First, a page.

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Heaves, also known as recurrent airway obstruction (RAO), is a chronic respiratory disease of horses. It is similar to that of asthma in humans. Heaves is a common and serious condition that affects 15% of mature horses (typically over seven years of age).
Heaves develops more commonly in horses that are stabled and are exposed to dust, mites and mold from bedding or hay, irritants such as ammonia (from urine and feces) and bacterial irritants. Once the small particles are inhaled, they enter the lower respiratory tract, causing inflammation and mucus accumulation. As this occurs, the small airways deep in the lung, called bronchioles, constrict. Over time repeated bouts of inflammation can cause permanent changes to the lung, and the walls of the airway become irreversibly thickened. As the disease progresses it is more and more difficult for the horse to breath.
• Cough at start of exercise (early development of disease)
• Frequency of coughing increases
• Increased effort to breath at rest
• Nasal discharge but no fever
• An obvious abdominal lift at the end of exhalation
• A heave line
• Weight loss due to difficulty of eating while trying to breathe
Diagnosing heaves in a horse is a difficult task and not as straightforward as one would think. A physical examination by a veterinarian familiar with horses is very important. A veterinarian may also recommend an endoscopy (scoping) to better visualize the airways. Typically a bronchoalveolar lavage (BAL or lung wash) is performed to help diagnose the condition. The samples allow for your veterinarian to evaluate for the presence of white blood cells. If there are a significant number of white blood cells, it further supports heaves as a possible diagnosis.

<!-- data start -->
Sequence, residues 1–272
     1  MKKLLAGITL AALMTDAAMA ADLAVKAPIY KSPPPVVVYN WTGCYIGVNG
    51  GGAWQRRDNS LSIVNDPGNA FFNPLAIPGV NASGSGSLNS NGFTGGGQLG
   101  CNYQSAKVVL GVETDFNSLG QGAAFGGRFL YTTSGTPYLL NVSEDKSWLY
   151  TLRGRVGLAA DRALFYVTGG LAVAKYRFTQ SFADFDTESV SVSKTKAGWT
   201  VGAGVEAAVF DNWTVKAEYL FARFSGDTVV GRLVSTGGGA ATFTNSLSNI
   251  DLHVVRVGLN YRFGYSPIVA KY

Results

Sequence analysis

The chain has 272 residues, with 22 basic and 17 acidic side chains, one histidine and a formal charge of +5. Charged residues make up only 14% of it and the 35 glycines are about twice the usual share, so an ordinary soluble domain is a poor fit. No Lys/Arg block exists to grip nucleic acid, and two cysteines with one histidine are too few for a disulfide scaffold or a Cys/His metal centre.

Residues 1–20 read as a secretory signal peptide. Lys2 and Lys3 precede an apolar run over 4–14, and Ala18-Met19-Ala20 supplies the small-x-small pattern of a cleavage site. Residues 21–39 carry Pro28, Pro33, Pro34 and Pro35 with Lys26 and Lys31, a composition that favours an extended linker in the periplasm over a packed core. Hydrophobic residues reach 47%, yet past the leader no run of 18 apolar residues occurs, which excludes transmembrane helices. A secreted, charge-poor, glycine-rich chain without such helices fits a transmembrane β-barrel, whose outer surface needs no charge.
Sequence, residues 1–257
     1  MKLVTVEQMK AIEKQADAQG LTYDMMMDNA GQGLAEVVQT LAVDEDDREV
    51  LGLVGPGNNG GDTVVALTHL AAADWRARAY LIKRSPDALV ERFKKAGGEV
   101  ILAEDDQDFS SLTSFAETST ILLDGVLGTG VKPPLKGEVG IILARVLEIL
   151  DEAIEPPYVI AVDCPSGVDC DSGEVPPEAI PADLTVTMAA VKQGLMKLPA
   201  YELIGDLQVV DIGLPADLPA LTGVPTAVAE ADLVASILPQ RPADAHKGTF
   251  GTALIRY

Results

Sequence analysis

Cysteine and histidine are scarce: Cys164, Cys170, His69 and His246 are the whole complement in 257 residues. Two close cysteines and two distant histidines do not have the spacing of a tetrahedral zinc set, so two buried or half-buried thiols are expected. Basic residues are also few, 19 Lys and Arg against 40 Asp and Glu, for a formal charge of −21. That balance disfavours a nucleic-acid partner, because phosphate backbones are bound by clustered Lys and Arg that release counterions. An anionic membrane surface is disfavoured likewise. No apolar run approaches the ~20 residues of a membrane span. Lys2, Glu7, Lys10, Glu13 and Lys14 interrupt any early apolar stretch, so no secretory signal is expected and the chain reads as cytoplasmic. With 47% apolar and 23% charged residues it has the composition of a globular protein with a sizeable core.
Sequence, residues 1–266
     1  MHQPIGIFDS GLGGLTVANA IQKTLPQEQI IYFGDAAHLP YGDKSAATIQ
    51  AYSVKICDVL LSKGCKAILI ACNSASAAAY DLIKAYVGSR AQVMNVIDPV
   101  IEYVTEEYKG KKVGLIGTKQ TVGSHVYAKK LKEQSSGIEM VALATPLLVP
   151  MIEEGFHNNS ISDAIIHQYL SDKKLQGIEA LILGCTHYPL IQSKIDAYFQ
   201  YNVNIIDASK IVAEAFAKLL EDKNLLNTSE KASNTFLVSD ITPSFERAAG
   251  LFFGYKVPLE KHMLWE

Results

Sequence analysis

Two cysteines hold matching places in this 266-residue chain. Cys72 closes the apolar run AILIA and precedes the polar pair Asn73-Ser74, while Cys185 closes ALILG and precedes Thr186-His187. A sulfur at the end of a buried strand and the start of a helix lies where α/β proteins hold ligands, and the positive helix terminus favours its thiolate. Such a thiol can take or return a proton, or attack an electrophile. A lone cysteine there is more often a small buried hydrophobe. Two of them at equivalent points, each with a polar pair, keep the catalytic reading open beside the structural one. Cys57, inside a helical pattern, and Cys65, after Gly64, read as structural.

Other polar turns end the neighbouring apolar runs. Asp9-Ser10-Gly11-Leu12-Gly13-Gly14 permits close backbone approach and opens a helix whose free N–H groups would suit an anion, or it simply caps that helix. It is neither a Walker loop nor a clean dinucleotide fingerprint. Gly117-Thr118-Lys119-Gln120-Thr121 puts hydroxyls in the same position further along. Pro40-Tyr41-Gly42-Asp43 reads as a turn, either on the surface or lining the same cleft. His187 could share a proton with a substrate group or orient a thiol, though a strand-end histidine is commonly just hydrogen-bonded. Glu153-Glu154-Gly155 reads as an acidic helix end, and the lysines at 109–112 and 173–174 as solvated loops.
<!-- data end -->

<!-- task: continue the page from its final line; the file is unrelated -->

The most important treatment for a horse diagnosed with heaves is environmental management. It is recommended to keep your horse on pasture more than in a confined stall area. Be sure to provide shelter so that the horse can be protected from the elements and has adequate forage available. Try to treat and clean the bale and stall areas to remove any possibility of ammonia as well as additional dust particles. It is also recommended to offer a complete pelleted feed or hay cubes; try also to wet these down if possible. If you do offer hay, try spreading it on the ground to encourage mucus drainage from the airways as the horse puts his/her head down to graze.
Try to avoid mucking stalls, sweeping shed rows and running tractors while the horses are stabled. It is not ideal to offer hay, even if soaked in water, as there are still dust particles circulating in the air. If at all possible try to avoid feeding horses from round bales. Horses tend to stick their noses in the center of the bales as they eat, which then causes them to have even greater exposure to dust, mites, molds and other particles.
If environmental management is not enough at managing heaves, oral or inhaled steroids are typically used as well as bronchodilators. The steroids help by decreasing inflammation of the airways and the bronchodilators help to relax and dilate the airway muscles, so air can flow in and out of the lungs.
Currently there is no cure for heaves. Once a horse’s airway is sensitive to the particles, it is a lifelong disease requiring lifelong medication and environmental management. Acupuncture has been shown to be helpful in managing this condition alone or in addition to conventional therapy. If you suspect your horse has heaves, please contact your veterinarian for an examination.
[Joseph A. D’Abbraccio, DVM, of Catskill Veterinary Services, PLLC, can be contacted at email@example.com. For more information visit https://www.facebook.com/CatskillVeterinaryServices or www.catskillvetser vices.com.]